HIKE DISTANCE: Many distances are possible. The Stone Mountain Loop takes you from the Upper Parking Lot to the Stone Mountain summit, Hutchinson Homestead and Stone Mountain Falls over a 4.5 mile distance on mostly wide gravel trails, bridges over all stream crossings and steps built into mountainsides. We added in additional rugged hiking trails which are not as heavily used for a total of 9.5 miles.

From the Upper Parking Lot the trail starts to the left of the restrooms.
You will meet up with the Stone Mountain Loop Trail which will be marked with orange circles. Turn right to follow this trail to the Stone Mountain summit.

Signs will warn you of possible dangers. The danger lies in striking out on your own off the marked trail. If you stay on the trail, you have nothing to worry about.

Reaching the summit, it was a humid, hazy day so the views were not the best. Regardless, they were still spectacular:

To descend from the summit, follow the railing to a long series of steps.

Coming down the mountain, continue following the Stone Mountain Loop Trail where you will find a couple of benches...

... and just beyond on the left, Hutchinson Homestead:

Walk through the homestead meadow for great views of Stone Mountain from the bottom looking up to where you were a short while ago.

Continue through the meadow to hook back up with the Stone Mountain Loop Trail. From this point we turned right on the Cedar Rock Trail then left on the Black Jack Ridge Trail.

We then continued on to the Wolf Rock Trail where we took a long break at a vista where we had the whole place to ourselves.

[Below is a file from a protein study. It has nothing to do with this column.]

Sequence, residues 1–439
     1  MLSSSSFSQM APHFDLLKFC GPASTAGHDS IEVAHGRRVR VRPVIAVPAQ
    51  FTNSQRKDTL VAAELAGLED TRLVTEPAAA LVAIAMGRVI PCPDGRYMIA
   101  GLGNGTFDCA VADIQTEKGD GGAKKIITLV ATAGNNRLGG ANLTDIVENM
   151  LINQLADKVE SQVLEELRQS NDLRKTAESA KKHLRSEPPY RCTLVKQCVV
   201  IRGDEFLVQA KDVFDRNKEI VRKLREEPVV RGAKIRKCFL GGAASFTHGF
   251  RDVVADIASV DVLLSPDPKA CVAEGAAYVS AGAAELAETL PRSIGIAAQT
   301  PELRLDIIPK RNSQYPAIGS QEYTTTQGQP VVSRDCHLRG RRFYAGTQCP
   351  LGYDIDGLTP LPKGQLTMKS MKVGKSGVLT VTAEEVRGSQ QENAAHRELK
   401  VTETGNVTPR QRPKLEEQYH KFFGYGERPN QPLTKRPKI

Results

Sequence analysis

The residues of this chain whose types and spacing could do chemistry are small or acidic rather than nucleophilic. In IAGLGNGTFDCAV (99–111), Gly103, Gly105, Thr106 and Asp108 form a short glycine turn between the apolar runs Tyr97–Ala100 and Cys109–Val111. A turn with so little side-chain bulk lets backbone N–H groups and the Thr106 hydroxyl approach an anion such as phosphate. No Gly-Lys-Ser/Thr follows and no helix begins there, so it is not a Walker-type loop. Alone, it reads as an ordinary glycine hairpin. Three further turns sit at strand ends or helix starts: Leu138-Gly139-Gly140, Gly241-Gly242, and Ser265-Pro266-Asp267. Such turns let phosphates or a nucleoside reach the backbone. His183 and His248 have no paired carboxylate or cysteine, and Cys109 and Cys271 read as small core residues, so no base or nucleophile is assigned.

The Wolf Rock Trail then switchbacks down through quiet forests.

You'll come back out on the Stone Mountain Loop Trail where you turn right and soon pass the Hutchinson Homestead on the left again. Continue on the Stone Mountain Loop Trail towards Stone Mountain Falls. Once again, stay on the trail and you have nothing to worry about.

A long series of steps which offer decks with benches throughout will bring you up to the top where you continue back to the Upper Parking Lot. My dog is usually terrified of going up steps but she had no problem with these so the steps are not at all steep or intimidating.

Sadly, we found quite a bit of litter at Stone Mountain summit. A local man who frequently hikes there told me the park staff comes through regularly to clean up. Well, that is simply ridiculous and park personnel should not have to do that. How hard is it if you can bring it in full, to take it back out empty? There simply is no excuse for littering. I squished down the cans and bottles and my dog packed them out in her backpack because my conscience simply will not allow me to walk by and ignore it. Please don't leave your garbage behind to ruin the beauty for others.